Sports

Big 12 commish pushes for player vaccination

Big 12 commissioner Bob Bowlsby kicked off Big 12 media days on Wednesday with a reminder that college football will still be dealing with the COVID-19 pandemic this fall, and he made a strong push for players to be vaccinated.

Bowlsby was proud that the Big 12 completed 90% of its 2020 schedule but said the biggest lesson was that patience was important and planning too far into the future was futile. He said that while he was “exhausted” from the season, the league will revisit testing protocols this fall.

“I don’t know that I’ve ever introduced a topic that was less warmly received than the revisitation of protocols,” he said. “With the Delta variant, there are good reasons we need to be vigilant. There’s still going to be a fair amount of testing. Yeah, we wish we were done with it. But we’re probably not quite done with it.”

He said the Big 12 cannot mandate that its players be vaccinated, but he strongly supports it. “We are certainly, as we go forward, encouraging student-athletes to get vaccinated. … Frankly, anyone not getting vaccinated is taking unnecessary risk. And that’s not just student-athletes, that’s anyone in our society.”

Bowlsby reminded reporters of the NC State scenario in the College World Series, when the Wolfpack’s season was ended by COVID-19 issues, and said that remains a possibility during football season.

“For a student-athlete, you’re rolling the dice on whether or not you can participate [if you’re not vaccinated],” he said. “You’re going to be in a testing protocol.”

Bowlsby said the league revenue distribution fell because of the pandemic, saying the Big 12 distributed about $35 million per school, about $4.5 million less than might have been expected during a normal season. He said the bigger financial impact will be felt on each campus as a result of a loss of ticket sales.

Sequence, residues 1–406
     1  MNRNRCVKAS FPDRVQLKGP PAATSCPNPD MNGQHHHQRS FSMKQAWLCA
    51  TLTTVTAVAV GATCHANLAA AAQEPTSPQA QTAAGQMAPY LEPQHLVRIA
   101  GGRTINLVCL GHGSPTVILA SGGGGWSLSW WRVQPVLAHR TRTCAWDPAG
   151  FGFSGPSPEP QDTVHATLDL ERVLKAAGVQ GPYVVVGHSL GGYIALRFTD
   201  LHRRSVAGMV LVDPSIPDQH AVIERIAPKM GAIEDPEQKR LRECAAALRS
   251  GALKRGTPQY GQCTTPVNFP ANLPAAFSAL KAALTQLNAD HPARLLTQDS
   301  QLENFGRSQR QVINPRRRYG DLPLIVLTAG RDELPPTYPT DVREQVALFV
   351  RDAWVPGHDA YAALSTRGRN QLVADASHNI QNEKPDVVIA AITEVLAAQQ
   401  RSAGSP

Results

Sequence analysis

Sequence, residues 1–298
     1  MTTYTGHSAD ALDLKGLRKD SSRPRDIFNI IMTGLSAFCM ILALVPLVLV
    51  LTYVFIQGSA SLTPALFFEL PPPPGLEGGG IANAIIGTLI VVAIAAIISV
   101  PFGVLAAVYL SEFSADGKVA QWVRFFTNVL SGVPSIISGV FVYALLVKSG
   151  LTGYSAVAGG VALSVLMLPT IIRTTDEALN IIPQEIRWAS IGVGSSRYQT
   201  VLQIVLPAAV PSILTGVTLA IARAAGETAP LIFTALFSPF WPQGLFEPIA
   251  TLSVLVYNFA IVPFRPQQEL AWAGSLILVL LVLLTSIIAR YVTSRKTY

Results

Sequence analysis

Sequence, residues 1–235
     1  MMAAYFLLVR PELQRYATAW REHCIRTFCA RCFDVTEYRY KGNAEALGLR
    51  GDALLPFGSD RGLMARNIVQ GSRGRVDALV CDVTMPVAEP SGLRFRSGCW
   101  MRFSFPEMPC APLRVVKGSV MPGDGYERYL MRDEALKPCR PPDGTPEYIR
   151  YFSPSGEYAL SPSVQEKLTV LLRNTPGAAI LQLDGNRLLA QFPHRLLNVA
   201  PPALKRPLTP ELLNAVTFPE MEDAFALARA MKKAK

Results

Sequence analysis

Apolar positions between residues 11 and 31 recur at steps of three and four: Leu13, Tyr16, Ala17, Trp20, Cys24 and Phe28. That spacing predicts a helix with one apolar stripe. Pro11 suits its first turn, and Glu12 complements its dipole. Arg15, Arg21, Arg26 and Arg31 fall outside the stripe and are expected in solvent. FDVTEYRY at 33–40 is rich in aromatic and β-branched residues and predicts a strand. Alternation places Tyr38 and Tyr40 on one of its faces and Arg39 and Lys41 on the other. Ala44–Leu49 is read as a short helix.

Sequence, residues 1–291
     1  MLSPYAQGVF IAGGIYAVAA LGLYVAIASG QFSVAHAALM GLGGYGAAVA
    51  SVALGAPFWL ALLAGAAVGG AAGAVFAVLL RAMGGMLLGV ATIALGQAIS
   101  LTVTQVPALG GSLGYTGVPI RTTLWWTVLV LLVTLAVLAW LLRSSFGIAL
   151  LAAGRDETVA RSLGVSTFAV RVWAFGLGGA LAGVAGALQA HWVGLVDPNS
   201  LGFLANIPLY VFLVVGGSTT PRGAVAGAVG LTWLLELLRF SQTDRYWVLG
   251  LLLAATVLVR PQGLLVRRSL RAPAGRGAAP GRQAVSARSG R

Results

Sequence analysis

Oklahoma coach Lincoln Riley told ESPN.com that he agreed with Bowlsby’s push for vaccination and said it could factor into position battles.

“We walk a fine line there,” he said. “For us as coaches, it’s no different than if you’ve got a player that has an injury history. That’s going to factor in your mind, like is he going to be available, or is he not? This is the same thing. To be honest, if I’ve got a player that’s vaccinated that I know doesn’t have to get tested every single week and I got a player that’s not, I mean I’m human. That may not be the politically correct thing to say, but do you think I’m not gonna factor that in? Of course I am.”

Riley said that he wouldn’t keep players off the field because they’re not vaccinated but that he would be able to count on their availability more if they were.

“It is what it is,” he said. “We’re not gonna hold it against people but also want to be real that, at the end of the day for us as coaches, you’re gonna play players more and put more trust in them if your confidence level is high that they’re going to be available. We just tried to paint a real picture for our guys and then let them certainly make the personal choice that they want to make.”

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